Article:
Task Bars (Panels) and Applets of Ubuntu Linux

Let’s learn a few things about Ubuntu’s so-called ‘GNome’ desktop. As you can observe, it’s not at all same as Windows desktop, as it has two separate Task Bars, one at the bottom of the screen and one on the topmost side. But what’s really make Ubuntu Desktop cool is that you can always configure it the way you want and it’s highly customizable, let’s look into this matter later. Both panels have options and configurations to archive the level of flexibility you always wanted.

Here is a useful video tutorial to learn some of the basic Linux commands for new users of Ubuntu or any other Linux distributions.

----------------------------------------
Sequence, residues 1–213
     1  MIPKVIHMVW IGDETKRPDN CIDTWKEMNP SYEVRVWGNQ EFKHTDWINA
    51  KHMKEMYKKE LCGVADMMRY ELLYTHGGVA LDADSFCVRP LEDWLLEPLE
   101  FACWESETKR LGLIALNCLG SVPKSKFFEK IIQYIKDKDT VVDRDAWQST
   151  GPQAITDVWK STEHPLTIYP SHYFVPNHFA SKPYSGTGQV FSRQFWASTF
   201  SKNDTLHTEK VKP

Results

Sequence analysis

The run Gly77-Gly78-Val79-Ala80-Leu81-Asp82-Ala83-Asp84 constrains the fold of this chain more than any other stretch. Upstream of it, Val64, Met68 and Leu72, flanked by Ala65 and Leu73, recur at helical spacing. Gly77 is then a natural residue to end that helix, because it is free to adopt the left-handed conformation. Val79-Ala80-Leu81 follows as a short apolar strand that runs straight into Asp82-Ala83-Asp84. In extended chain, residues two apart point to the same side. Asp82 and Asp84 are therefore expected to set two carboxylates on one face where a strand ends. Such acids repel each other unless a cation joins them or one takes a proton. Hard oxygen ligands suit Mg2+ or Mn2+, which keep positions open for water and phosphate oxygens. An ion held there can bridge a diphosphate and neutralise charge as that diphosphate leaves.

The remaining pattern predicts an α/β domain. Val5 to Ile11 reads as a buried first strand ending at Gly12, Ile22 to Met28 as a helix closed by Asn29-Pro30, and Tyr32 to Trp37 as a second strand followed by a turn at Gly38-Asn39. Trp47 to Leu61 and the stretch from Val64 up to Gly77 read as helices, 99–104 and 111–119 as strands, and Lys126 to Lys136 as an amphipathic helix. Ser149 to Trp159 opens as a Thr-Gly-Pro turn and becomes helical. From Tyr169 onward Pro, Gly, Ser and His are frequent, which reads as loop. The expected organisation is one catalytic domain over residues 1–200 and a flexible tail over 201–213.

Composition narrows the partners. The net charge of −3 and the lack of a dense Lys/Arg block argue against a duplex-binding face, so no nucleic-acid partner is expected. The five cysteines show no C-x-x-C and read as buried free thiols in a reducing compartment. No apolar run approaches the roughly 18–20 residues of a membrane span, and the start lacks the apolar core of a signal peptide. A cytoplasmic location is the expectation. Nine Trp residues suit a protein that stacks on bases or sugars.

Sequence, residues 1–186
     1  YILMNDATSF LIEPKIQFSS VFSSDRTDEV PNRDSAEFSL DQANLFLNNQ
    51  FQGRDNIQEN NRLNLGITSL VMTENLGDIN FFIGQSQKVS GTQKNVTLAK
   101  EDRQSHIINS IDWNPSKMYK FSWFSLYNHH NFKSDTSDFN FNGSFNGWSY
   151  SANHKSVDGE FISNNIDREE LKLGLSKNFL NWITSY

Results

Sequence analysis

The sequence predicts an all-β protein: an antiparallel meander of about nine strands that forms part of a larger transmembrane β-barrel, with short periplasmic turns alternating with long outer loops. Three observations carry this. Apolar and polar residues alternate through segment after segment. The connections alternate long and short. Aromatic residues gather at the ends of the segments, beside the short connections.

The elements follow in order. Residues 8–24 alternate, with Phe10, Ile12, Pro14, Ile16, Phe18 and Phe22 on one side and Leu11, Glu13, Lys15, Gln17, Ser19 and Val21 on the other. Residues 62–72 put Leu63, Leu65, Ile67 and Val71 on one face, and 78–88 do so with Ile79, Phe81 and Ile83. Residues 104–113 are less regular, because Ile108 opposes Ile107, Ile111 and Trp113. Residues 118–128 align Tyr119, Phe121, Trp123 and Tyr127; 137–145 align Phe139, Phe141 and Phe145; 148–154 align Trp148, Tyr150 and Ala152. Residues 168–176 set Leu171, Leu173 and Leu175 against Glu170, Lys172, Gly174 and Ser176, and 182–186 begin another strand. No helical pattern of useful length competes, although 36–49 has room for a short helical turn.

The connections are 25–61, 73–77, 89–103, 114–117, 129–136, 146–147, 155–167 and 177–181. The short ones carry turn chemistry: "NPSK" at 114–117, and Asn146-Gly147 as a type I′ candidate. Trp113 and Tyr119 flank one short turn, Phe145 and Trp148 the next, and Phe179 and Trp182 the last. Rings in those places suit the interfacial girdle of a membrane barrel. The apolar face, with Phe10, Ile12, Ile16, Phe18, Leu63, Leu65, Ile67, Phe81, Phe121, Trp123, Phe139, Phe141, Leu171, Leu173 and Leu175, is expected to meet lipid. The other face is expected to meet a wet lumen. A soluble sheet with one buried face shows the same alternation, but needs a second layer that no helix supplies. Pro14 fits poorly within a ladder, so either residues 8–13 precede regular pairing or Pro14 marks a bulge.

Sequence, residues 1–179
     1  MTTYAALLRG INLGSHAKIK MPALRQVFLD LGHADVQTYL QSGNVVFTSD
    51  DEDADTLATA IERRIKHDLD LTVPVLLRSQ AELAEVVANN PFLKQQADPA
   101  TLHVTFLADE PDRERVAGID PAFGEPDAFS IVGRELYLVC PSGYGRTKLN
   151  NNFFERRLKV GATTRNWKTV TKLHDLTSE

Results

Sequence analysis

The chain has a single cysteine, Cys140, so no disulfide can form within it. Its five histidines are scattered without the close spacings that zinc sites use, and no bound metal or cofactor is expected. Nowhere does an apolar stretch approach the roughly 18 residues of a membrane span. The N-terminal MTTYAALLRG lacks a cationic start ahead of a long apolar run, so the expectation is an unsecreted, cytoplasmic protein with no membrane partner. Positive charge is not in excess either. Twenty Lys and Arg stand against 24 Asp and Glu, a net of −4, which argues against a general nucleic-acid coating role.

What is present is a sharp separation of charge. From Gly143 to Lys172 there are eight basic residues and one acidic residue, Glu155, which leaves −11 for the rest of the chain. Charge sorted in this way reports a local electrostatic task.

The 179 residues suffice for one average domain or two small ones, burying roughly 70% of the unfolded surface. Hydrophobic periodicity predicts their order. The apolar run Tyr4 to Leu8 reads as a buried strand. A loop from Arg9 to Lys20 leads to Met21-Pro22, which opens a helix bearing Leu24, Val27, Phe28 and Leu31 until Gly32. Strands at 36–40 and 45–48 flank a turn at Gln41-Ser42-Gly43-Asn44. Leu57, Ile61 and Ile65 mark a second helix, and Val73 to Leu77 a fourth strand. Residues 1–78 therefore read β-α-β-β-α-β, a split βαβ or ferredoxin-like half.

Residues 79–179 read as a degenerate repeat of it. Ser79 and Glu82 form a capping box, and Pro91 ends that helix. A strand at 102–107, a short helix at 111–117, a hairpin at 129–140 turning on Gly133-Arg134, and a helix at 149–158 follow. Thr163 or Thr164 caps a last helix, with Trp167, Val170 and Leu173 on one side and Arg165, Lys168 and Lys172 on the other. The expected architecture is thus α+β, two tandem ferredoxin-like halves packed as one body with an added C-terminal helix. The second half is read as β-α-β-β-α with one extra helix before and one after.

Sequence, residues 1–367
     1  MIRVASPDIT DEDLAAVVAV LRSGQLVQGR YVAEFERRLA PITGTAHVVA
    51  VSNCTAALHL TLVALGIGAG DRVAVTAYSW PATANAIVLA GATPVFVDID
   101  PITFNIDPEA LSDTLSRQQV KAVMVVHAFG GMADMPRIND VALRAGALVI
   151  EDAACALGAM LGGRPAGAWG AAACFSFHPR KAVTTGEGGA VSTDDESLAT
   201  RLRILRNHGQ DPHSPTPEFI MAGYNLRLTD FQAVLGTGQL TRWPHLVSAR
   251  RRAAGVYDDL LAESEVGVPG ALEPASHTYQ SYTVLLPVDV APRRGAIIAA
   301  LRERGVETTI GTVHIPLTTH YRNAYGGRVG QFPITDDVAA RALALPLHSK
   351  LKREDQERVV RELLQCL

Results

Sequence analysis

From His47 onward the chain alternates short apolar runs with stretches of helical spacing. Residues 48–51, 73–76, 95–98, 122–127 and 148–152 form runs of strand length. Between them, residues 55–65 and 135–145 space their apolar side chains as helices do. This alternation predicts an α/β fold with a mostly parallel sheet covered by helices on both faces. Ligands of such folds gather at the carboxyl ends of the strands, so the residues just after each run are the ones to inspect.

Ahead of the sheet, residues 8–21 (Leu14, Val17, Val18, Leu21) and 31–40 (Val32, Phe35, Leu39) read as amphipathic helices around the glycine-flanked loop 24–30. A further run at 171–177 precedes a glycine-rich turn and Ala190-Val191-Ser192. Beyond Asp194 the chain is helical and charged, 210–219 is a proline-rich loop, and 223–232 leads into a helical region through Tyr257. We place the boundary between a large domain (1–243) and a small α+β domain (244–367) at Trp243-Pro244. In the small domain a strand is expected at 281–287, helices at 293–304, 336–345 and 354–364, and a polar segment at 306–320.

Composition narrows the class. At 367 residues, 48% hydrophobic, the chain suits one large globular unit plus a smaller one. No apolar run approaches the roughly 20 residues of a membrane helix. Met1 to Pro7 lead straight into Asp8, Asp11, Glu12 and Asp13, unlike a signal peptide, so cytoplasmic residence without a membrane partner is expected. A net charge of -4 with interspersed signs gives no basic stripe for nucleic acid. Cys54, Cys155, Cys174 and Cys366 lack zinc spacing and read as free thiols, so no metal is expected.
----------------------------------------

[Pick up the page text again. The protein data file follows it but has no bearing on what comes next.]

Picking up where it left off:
On the bottom panel, there is a ‘Show Desktop’ button on the left-hand side; in the middle, you can find all the currently opened applications and programs. On the right side corner, a trash icon and the ‘Workspace Switcher’ is situated and this is something you don’t have in Windows (at least for the time being). The ‘Workspace Switcher’ is an amazing feature that allows you to have multiple desktops/workspace for the same user and switch to whichever workspace you wish to be working on. Do you wonder how to work with multiple desktops? It’s not very complicated as you think, for example, on the primary desktop, you have an opened program window (or more) and if you click on the second square thumbnail icon, (there are two desktops set up by default, users can add up to 36 separate desktops to a user) the window(s) will disappear and another set of windows will show up from the second desktop. and if you click the first square the window(s) from the previous desktop will re-appear. Go on, it’s not going to cost you anything to try it yourself to see how it works!